Monday, July 30, 2018
This local Florida article, headlined "Marijuana booming as state nears 2-year mark," reports on (unsurprising?) medical marijuana realities in the Sunshine State. Here are highlights from the lengthy piece:
More than 100,000 Floridians now can legally take marijuana for medicinal purposes. This milestone, reached in April, is one of many signs that Florida’s young marijuana industry is booming as the state approaches the two-year anniversary of voters legalizing medical pot.
But issues remain: Some patients complain that the Florida Department of Health’s rules create unfair barriers for patients. They can’t smoke their marijuana or grow their own, for example. They also gripe about the patient approval process and the cost of medication. Companies eager to jump into the marijuana business are waiting for the state to issue additional licenses required by law upon passing the 100,000-patient mark....
In November 2016, 71 percent of Florida’s voters gave the green light to medical marijuana. The state still is issuing guidelines and battling lawsuits over how that should be done. But the direction is clear. Already, analysts are projecting a $1 billion medical marijuana market in Florida by 2020.
Fourteen companies have received licenses from the state. They’ve opened 43 dispensaries statewide, including offices in Summerfield and Lady Lake, to serve the growing number of approved patients, which has more than doubled since the start of the year. The coveted licenses are drawing attention from established marijuana businesses. In June, California-based MedMen paid $53 million to acquire the cultivation and distribution rights from Treadwell Nursery in Eustis....
[T]he process to become a qualifying doctor [initially meant] doctors were required to pay $1,000 for an eight-hour course. That requirement has since decreased to a two-hour course costing $250. More than 1,500 physicians now are able to recommend marijuana to patients, including more than 40 in Sumter, Lake and Marion counties.
Miami-Dade and Palm Beach counties have the most registered physicians, with more than 200 each. Demand for doctors persists, with 1,500 to 3,500 patients joining the registry every week....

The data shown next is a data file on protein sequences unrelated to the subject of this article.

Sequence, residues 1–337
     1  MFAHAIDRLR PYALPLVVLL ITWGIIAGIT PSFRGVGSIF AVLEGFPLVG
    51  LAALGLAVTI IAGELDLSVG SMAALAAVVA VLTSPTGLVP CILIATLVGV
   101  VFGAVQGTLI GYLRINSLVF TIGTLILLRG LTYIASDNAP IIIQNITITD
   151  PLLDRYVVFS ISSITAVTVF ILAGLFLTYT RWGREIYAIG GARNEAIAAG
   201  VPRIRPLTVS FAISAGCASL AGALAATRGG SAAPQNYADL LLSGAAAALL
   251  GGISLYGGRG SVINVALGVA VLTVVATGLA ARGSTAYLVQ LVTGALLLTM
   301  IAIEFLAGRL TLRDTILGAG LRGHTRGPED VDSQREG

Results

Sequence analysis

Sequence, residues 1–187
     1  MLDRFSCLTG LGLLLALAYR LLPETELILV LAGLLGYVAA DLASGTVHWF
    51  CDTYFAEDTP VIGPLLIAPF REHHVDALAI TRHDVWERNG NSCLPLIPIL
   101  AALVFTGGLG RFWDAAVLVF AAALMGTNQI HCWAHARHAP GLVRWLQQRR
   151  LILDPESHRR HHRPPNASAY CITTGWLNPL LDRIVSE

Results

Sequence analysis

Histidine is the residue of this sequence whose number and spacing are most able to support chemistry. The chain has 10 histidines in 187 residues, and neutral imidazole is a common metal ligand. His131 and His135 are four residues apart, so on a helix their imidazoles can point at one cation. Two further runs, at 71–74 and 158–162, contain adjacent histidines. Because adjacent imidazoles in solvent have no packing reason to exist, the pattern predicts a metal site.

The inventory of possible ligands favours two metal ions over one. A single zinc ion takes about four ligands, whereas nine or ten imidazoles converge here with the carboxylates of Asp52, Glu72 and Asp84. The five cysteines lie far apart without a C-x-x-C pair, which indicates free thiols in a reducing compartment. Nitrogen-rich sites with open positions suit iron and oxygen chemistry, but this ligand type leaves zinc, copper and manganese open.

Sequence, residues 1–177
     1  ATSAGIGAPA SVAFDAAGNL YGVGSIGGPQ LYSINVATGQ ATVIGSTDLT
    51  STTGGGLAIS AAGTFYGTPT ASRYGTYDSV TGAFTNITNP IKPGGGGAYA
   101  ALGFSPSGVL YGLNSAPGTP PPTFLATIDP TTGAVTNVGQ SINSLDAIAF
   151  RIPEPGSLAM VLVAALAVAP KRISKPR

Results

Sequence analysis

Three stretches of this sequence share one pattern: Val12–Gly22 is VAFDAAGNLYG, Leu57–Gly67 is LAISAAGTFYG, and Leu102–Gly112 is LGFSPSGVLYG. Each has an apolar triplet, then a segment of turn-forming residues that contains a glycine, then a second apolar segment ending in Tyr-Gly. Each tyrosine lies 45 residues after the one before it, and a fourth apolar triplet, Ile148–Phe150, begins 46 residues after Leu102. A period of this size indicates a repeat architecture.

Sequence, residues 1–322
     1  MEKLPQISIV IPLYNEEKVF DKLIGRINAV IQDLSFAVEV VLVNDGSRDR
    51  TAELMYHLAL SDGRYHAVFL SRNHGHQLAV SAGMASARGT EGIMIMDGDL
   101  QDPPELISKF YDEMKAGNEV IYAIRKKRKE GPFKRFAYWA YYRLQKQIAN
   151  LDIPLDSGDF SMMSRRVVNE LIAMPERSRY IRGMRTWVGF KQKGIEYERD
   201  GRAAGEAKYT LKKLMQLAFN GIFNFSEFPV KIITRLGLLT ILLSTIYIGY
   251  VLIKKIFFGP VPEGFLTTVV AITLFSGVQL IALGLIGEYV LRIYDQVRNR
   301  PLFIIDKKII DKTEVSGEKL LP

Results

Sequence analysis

Even as more and more people line up for treatment, criticism of the program continues. Companies and advocates of Amendment 2, which authorized medical marijuana, are challenging some of the rules laid out by the Department of Health. Attorney John Morgan sued the department over its rule banning smokeable cannabis, arguing it goes against the will of the voters who approved the amendment. Vaping is allowed. Tallahassee Circuit Judge Karen Gievers sided with Morgan, saying the restriction was unconstitutional. The state immediately appealed the decision, and Morgan tried to get the Florida Supreme Court to consider the case. He now is focusing on legalizing recreational use.
Morgan criticized Gov. Rick Scott, who had opposed the broad legalization of medical marijuana, for allowing the smoking ban. Scott defended following the law as it is written. He is not alone in voicing smoking opposition. The American Society of Addiction Medicine rejects smoking as a means of drug delivery for medical purposes. The American Cancer Society Cancer Action Network, the ACS’s advocacy group, has not taken a position on legalization of marijuana for medical purposes, citing a need for more scientific research on marijuana’s potential benefits and harms.